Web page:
Millions of Muslims arrive in Mecca for haj
JEDDAH - The annual haj officially began on September 10th, drawing an estimated 2 million Muslims from 180 countries to Mecca to perform the five-day rituals considered one the five main pillars of Islam.
Muslim pilgrims have been travelling to Saudi Arabia since early August, dividing their time between the holy sites in Mecca and Medina in anticipation to what is to many the most important religious experience of their lives.
Some 216 international pilgrims were not allowed to enter the kingdom, passport officials said, and were sent back to respective countries due to violations, which included 52 forged passports.
Saudi authorities, with an eye to tragic accidents last year in which hundreds died, have taken the security and safety of haj pilgrims to new heights in terms of planning, safety and the use of the latest technologies to ensure the well-being of the kingdom’s guests.
For the first time the Saudi Ministry of Haj provided pilgrims with identification bracelets that carry a computer chip with the wearer’s personal information and contact data that includes what delegation the pilgrim belongs to.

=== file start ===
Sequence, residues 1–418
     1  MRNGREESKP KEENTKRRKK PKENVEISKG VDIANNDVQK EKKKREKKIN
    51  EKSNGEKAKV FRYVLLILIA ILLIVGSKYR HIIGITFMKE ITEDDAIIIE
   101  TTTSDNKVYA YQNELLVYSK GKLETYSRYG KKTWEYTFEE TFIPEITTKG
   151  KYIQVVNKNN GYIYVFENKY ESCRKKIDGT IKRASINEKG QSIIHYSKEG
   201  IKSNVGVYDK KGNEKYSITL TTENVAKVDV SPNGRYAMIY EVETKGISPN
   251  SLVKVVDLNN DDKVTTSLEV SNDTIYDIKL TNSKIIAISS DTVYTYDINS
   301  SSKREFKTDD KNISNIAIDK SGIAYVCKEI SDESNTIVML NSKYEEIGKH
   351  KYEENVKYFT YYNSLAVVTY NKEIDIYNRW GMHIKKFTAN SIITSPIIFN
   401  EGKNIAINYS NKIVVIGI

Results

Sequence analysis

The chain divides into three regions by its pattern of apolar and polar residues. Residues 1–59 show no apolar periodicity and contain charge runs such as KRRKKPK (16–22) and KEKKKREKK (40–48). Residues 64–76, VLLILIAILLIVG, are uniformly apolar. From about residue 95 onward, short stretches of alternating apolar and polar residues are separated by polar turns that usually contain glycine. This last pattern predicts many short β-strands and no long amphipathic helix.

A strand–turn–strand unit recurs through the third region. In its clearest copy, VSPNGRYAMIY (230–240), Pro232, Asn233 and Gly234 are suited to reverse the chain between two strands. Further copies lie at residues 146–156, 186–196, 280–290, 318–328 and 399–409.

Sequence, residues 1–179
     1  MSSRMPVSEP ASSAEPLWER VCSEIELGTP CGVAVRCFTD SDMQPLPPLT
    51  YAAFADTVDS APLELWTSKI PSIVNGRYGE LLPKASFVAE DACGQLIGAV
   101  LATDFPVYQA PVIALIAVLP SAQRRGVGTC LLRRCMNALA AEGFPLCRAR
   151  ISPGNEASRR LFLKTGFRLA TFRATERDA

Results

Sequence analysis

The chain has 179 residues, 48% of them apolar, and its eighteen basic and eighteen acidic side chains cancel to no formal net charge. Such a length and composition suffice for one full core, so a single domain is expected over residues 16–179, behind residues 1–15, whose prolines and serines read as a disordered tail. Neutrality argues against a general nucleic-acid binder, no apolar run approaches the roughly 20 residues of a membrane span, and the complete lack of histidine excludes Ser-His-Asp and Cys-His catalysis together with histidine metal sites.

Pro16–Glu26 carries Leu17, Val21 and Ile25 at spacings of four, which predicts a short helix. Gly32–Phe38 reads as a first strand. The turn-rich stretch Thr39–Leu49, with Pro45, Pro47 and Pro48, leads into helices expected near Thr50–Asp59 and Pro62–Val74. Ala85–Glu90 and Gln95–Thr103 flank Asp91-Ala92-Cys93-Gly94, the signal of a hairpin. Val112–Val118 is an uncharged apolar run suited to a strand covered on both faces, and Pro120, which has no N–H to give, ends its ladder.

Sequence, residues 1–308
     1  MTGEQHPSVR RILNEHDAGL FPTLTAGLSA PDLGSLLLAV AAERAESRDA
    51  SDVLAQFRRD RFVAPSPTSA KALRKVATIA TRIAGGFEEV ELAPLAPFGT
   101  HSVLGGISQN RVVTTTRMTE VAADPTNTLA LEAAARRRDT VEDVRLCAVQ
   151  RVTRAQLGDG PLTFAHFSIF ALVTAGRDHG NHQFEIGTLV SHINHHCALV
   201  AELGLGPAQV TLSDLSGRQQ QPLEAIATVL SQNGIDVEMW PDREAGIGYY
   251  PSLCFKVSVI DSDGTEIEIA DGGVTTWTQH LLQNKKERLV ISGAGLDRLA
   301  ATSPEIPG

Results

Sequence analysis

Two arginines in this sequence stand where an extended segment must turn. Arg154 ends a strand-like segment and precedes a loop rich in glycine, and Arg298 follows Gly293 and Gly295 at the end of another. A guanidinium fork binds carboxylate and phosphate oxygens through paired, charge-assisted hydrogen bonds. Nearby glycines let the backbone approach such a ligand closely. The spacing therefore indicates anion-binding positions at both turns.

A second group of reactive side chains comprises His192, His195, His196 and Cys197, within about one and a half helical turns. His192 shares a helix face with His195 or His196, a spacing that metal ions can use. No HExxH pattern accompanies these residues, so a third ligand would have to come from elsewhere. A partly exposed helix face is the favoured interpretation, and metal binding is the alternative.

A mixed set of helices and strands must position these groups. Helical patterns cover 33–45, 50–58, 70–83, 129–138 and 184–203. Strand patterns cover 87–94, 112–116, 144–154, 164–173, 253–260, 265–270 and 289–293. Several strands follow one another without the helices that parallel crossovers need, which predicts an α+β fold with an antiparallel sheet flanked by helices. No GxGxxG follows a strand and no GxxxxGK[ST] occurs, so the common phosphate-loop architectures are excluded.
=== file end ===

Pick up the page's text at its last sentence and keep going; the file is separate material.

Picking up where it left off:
With temperatures predicted to exceed 37 degrees Celsius during the pilgrimage, the Ministry of Haj is addressing the potential for heat-related health problems with doctors from the King Abdullah Medical City using state-of-the-art cooling vests designed to treat heatstroke for the first time during the haj.
Additionally, the Saudi Ministry of Health stationed more than 26,000 medical and technical personnel from different regions of the kingdom to help pilgrims.
The Grand Mosque’s security forces completed preparations for the haj and appear to have incorporated a new security plan, according to Commander of Task Force for the Security of the Grand Mosque Major-General Mohammed al-Harbi.
Harbi, at a news conference in Mina, said: “The plan of the Grand Mosque’s security force was built on well-studied scientific bases and has the advantage of reports of previous haj seasons by enhancing the positives and avoiding the negatives in a way worthy of what has been accorded by the government of the Kingdom of Saudi Arabia of great care and attention of pilgrims, Umrah performers and visitors of Mecca’s Holy Mosque.”
More than 100,000 troops were deployed in Mecca and 4,500 Saudi Boy Scouts volunteered to assist pilgrims in Mecca and visitors to the Prophet’s Mosque in Medina.
The fifth pillar of Islam, haj is a ritual Muslims should perform at least once in their lifetime. To perform the rite, one must be an adult Muslim with a sound mind and the physical ability to perform the rituals. The worshipper must also have the financial resources to make the pilgrimage and still provide for one’s dependents at home.
Successfully completing haj, usually over five days during Dhu al- Hijjah, the last month of the Islamic calendar, is believed by Muslims to give the worshipper a place in paradise.